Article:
Cellular communication networks are interference limited rather than noise limited. Interference differs from noise in that it is caused by other devices, such as other mobile devices using the same network. Whereas noise can be overcome by increasing transmission power, interference would be increased by this approach. Among the several techniques to mitigate interference, the interference-aware receiver is considered the most promising. However, as J. G. Andrews stated in 2005:
Despite the enormous amount of academic and industrial research in the past 20 years on interference-aware receivers and the large performance improvements promised by these multi-user techniques, today’s receivers still generally treat interference as background noise. 
The situation has not changed significantly. The basic idea of interference-aware receivers is to simultaneously receive multiple interfering users and to apply maximum-likelihood estimation to the signals. However, optimal multi-user receivers are extremely complex, with the computational needs increasing exponentially with the number of interfering users. This has led to extensive research on suboptimal multi-user receivers with manageable complexity.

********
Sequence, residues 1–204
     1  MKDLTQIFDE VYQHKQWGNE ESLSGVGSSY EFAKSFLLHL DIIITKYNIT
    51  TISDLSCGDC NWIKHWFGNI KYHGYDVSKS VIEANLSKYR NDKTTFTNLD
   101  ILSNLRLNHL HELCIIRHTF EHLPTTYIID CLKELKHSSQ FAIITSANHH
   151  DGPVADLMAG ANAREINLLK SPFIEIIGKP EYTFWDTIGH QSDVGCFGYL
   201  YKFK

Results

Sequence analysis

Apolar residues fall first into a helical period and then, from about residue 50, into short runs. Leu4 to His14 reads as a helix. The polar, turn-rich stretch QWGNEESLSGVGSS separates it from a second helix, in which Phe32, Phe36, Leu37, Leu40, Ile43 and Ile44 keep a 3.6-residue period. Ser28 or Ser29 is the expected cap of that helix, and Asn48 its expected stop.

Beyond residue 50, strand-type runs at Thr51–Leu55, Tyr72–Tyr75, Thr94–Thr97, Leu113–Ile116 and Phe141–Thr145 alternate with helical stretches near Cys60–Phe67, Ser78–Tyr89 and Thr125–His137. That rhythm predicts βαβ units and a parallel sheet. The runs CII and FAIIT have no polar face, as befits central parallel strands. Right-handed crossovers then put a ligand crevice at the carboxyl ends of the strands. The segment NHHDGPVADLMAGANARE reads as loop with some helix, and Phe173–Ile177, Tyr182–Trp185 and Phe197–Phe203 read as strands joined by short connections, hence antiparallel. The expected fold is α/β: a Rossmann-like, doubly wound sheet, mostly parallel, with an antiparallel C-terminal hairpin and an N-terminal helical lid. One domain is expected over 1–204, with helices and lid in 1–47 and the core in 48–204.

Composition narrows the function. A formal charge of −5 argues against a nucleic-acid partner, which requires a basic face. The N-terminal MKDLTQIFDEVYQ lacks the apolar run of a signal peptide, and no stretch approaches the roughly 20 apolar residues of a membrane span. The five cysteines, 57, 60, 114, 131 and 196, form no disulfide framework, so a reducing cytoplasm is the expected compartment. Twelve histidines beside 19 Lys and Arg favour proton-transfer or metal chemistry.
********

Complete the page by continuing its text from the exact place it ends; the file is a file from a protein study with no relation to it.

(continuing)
This small book reports on three original research projects by the author on interference cancellation, namely, interference cancellation with perfect feedback, with quantized feedback, and for X channels. With feedback from the receiving end, channel information can be made available to the transmitter. Instead of using the receive antennas to cancel the interference, the channel information at the transmitter is used to precode the transmit signal to align different signals along orthogonal noninterfering paths. Since perfect channel information is not practical in reality, schemes with limited channel information have to be used. The author explains how quantized feedback can achieve full diversity and thus interference cancellation.
Li’s work on X channels, on the other hand, describes a scenario where two users transmit different code words to two receivers at the same time. X channels can increase the data rate considerably, up to twofold in the best case. However, the transmissions of both users interfere with each other. The author proposes a precoding and decoding scheme for X channels that supposedly can cancel the interference without sacrificing diversity.
The reader should be familiar with orthogonal space-time block coding with multiple transmit and receive antennas, and with precoding. The author presents original research work without much introduction. The book probably contains more mathematical formulas than text. Even for well-experienced communications engineers, this book is very hard reading. I can only recommend it to researchers specifically interested in new approaches in interference cancellation.